I think that many of the people who don’t vaccinate are the same people who would be unlikely to be consuming cheese with formaldehyde, because at least for me, not vaccinating is one part of a larger lifestyle from utilizing non-toxic cleaners to eating organic, vegan food.

        Since we’ve given vaccinations to literally hundreds of millions of people, even subtle health problems would have been spotted by now. The risk/reward equation is a numbers game–people who don’t vaccinate are betting on the people who do.
        That’s not true in all cases. Chicken pox would be a good example. Shingles is becoming more common. Apparently, part of what gives people lifelong immunity to chicken pox is repeated exposure to the disease either after vaccination or the disease. In areas where most children are vaccinated, people don’t continue to have exposure to the disease and as a result, there’s a higher rate of shingles. Shingles is a much worse disease than chicken pox.

        Some vaccinations are for diseases where the vaccination of others is pretty irrelevant to my child. Nowadays, we vaccinate newborns for Hep B – not a horribly contagious disease and pretty preventable by lifestyle choices (such as safer sex and avoiding needle drugs).
        And what differences do you believe exist between “natural” immunity and immune responses provoked by vaccination?
        The best documentation I have seen is chicken pox.
        And what differences do you believe exist between “natural” immunity and immune responses provoked by vaccination?
        At least in the case of rubella, titers done roughly a decade after vaccination are significantly lower for those who acquired immunity through vaccination rather than through having rubella. Now a low count doesn’t necessarily mean anything, but it does show that long-term, there is a difference in immunity. And since high counts are associated with good immunity and rubella is a mild disease that we vaccinate mostly out of the harm that can befall fetuses, I would rather give my daughter the chance to have the piece of mind a high count could give her.

  56. I think you horribly misrepresent people opposed to vaccination. I’m a former nursing student – took a lot of classes that helped me make decisions around vaccination (like microbiology and anatamoy & physiology) – and still chose not to vaccinate. I know a former nurse (now a stay-at-home mother) who made the same choice around vaccinations. It’s a complex dance assessing different risks (both the risk factors of the disease or complications AND the vaccine, including different versions there may be for vaccinating against the same disease) and maybe when I go back to nursing school (causing the risk factors for my particular child to change) or when there’s further research about vaccination I might choose to selectively vaccinate.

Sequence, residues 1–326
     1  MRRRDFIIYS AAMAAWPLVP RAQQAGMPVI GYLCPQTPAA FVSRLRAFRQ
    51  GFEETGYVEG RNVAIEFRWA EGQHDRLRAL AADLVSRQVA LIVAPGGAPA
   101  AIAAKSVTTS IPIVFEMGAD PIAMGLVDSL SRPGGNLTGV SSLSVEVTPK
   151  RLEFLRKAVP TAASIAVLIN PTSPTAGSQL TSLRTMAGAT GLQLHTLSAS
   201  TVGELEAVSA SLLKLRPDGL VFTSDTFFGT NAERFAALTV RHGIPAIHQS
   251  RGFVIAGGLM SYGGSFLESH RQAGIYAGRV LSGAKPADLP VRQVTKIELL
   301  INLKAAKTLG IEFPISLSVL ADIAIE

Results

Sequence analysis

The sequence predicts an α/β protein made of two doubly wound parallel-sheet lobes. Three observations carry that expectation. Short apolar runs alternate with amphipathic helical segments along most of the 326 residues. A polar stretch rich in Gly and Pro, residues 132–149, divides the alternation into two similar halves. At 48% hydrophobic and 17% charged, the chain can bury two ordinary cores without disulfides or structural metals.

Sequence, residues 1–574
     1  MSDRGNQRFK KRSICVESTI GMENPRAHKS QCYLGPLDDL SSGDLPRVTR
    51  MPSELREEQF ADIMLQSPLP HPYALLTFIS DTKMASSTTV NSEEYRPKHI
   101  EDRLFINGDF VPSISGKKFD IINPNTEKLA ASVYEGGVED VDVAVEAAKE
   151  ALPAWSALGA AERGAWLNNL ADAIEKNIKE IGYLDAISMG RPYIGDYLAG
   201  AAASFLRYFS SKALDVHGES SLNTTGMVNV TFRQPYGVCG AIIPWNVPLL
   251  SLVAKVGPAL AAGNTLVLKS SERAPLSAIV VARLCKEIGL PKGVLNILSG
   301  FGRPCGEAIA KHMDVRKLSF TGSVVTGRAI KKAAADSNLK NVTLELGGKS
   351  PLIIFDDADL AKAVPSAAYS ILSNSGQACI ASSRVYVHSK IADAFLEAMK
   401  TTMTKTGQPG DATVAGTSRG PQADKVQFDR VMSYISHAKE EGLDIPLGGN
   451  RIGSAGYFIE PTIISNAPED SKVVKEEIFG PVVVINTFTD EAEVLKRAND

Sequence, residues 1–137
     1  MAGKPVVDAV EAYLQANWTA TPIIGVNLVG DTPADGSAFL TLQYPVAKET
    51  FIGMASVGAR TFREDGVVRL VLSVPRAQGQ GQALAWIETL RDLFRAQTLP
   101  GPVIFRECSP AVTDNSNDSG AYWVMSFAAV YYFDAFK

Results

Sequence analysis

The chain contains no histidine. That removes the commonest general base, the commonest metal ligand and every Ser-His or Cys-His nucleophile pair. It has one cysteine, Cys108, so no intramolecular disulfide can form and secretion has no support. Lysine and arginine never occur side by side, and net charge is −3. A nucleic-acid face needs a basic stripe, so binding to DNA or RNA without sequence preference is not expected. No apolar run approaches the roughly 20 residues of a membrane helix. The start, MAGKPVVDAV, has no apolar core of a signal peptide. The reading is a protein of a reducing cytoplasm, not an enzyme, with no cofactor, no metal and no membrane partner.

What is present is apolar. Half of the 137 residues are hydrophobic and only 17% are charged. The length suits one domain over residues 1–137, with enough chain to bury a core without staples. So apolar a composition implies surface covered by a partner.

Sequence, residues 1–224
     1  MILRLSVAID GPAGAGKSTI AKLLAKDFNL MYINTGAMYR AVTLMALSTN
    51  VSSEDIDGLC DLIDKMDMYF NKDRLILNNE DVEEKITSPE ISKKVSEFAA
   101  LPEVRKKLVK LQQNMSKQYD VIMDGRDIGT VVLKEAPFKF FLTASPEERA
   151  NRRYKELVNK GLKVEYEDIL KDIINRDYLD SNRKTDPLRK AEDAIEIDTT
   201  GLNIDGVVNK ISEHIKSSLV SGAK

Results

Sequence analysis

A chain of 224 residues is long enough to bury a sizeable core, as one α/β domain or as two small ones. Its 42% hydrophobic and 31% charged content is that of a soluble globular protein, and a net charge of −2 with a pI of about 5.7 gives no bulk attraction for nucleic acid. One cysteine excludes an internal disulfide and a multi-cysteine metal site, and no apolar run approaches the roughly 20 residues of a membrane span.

Still, it’s pretty difficult to be a parent, facing mandatory vaccination in most places, and not have heard the arguments towards vaccinating. Most parents vaccinate without even looking at any argument one way or another for vaccinating. Not to say that some of the arguments advocating against vaccination are anti-intellectual (like some people try to argue against germ theory!), but most people who choose not to vaccinate are more concerned about toxic and cancer-causing ingrediants present in vaccines, the differences between natural immunity and the immunity vaccines give, adverse vaccination reactions, and other things, and weigh it against the severity of the disease, the risk of complication, the likelihood the child would be exposed to the disease, etc… It’s not just some half-ass conspiracy theory.

    And, for what it’s worth, as a parent, having some skepticism around what my doctor says is healthy, particularly since my doctor often does not follow what large medical boards, like the AMA, recommend. Having a daughter as young as a year old, I’ve had doctors offer medically unnecessary ultrasounds, antibiotics for an ear infection before testing if the infection was viral, antibiotics in an IV just as a matter of routine in birth, and elective induction. I’ve had doctors who recommended introduction of solids before six months. From giving birth (as someone who had a low risk pregnancy) and breastfeeding, it’s easy to see how parents don’t develop a blind trust of their doctors and then wonder about vaccination.

    I lost my point – it’s 2:30AM My point was that often objections to vaccination is built on science – an uneasiness with the lack of good, long-term studies on various components of vaccination (such as the effect of aluminum in vaccines), research from what almost any medical textbook will tell you about the disease a vaccine prevents, etc…

  57. Directed by the fact that traits which lead to greater reproductive success, lead to.. well, greater reproductive success, and more individuals with those traits.

  58. There’s a world of difference between a critical mind and a closed mind. In fact, I’d argue that they’re almost opposites.

    A critical mind demands valid, repeatable, observable evidence for a new claim, but once that evidentiary standard is met accepts it (pending better theories or conflicting evidence).

    A closed mind already has a conclusion or paradigm decided upon, and refuses to change its stance regardless of new information.